Pick a logical location for your html file and images (which will be in their own folder labeled images) and click OK.

4. Test it out in your browser

Before you install this into your webpage, test it out in your browser:

File > Open ... and then surf to the location where you put your files. Find the html file and click it. You should get a working version of your image!

Test out each of your buttons and be sure that it does what it ought to do. If something isn't right, you'll need to head back over to ImageReady to troubleshoot.

Interface Tutorial: Part 1
Interface Tutorial: Part 6 Interface Tutorial: Part 2
Interface Tutorial: Part 5 Interface Tutorial: Part 3
Interface Tutorial: Part 4

Great example of a Mystery Meat interface (something to avoid!)! Always label your buttons in some way, so that your user won't have to hover over them or click them to see where they go!

For my finished interface, I made numbers to label each button. These are on separate layers, above the button layers. All I had to do was go back to IR and Save Optimize as... It remembered all my settings.

5. Getting it into your website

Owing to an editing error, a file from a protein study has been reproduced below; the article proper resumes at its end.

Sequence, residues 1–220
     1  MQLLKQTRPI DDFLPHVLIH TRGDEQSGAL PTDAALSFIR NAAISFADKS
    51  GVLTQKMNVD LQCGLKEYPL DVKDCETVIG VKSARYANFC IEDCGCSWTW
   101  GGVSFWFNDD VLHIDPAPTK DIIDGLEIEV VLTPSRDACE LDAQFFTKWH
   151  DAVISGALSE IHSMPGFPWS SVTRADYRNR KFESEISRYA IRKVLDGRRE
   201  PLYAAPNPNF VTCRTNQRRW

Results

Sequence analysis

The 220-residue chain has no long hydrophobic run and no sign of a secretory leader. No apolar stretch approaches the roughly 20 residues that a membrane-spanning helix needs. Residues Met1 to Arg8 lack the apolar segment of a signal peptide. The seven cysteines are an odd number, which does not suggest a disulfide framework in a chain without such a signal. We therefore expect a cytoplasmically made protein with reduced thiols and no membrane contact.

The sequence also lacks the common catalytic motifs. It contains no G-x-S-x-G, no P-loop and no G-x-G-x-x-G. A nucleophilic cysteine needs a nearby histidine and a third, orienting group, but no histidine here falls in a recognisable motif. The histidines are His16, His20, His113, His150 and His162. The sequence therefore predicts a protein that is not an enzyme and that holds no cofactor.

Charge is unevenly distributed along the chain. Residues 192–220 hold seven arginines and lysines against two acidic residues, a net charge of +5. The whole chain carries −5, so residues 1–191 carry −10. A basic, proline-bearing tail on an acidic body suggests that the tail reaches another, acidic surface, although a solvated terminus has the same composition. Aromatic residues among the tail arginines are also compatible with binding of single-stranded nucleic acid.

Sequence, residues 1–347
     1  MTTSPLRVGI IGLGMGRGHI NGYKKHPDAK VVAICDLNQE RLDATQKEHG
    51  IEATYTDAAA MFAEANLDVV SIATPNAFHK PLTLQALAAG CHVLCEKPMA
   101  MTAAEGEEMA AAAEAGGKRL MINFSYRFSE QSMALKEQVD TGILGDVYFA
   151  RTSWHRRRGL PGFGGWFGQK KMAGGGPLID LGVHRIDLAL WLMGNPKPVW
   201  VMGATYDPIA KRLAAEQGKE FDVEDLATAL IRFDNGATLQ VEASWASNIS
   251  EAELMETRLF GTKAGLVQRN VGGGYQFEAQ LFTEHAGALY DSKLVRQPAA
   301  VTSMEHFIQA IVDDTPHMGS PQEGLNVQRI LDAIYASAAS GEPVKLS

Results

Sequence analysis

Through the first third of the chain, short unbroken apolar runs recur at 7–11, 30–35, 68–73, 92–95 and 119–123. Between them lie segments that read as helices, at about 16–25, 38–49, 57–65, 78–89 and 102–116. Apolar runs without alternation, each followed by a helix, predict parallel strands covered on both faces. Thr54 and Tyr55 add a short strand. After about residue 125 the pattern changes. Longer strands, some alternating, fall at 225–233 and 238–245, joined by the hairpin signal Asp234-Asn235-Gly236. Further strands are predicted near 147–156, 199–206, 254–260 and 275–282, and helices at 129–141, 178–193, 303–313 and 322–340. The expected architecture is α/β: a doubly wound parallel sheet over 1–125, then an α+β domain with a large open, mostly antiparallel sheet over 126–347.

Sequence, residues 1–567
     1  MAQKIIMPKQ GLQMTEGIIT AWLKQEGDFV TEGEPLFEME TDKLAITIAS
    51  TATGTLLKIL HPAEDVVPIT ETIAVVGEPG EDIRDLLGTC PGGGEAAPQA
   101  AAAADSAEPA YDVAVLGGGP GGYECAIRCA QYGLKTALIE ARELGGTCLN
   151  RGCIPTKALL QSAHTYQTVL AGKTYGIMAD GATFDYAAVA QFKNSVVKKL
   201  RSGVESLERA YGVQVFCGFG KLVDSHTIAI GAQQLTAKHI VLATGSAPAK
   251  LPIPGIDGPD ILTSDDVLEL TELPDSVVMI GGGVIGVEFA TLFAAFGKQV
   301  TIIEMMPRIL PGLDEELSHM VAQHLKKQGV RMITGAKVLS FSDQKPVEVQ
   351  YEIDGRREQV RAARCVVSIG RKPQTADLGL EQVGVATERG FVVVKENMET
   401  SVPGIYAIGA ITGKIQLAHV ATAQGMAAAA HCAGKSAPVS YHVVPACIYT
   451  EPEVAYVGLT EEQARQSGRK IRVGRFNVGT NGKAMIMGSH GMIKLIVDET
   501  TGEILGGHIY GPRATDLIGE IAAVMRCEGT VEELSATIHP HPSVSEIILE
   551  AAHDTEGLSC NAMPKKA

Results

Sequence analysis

I recommend dragging the whole folder, including both your html file and your images into your website's files. This makes it certain that both will go together, that the relative references to images will actually work.. you get the idea.

I'm not an html person, and I haven't studied javascript enough to know anything about it. So, for me, this is rather delicate code and, once you start changing relative references by leaving some of the files behind, you can end up with a mess.

Once you get the files into your web editor, you can either copy-paste the code to your page, or you can open the html file and copy-paste from the Layout view into your page. (This is what it's called in GoLive.)

6. Uploading, checking and tweaking

When you upload your file with your interface, you have to upload the script as well. In GoLive, this appears as a folder called Generated Items. It is in your main directory. If you peek into that folder, you'll see the script you need to upload and it's called "CSScriptLib.js."

Be sure to upload all of these:

  • the Generated Items CSScriptLib.js file
  • the HTML page upon which your interface appears
  • the Images folder in which you have all your slices and rollover images

We'll always have to do some tweaking, just to keep us humble. So go on and hit the Preview button in your web editor, or upload if you're brave, and tweak as necessary.

One tweak that I had to do was this: Remember when we filled in links back in Part 5, step 3? At this point, you'll have to change all of those links. They now refer, in my case, to ../../../../../tutorials/interface/...What's that?!

It's the relative location of the link to where we were before, that is, my hard drove Documents folder! Just delete all the ../ notations and you'll be there. (Again, this is what it is in GoLive. Your mileage will vary!)

Interface Tutorial: Part 1
Interface Tutorial: Part 6 Interface Tutorial: Part 2
Interface Tutorial: Part 5 Interface Tutorial: Part 3
Interface Tutorial: Part 4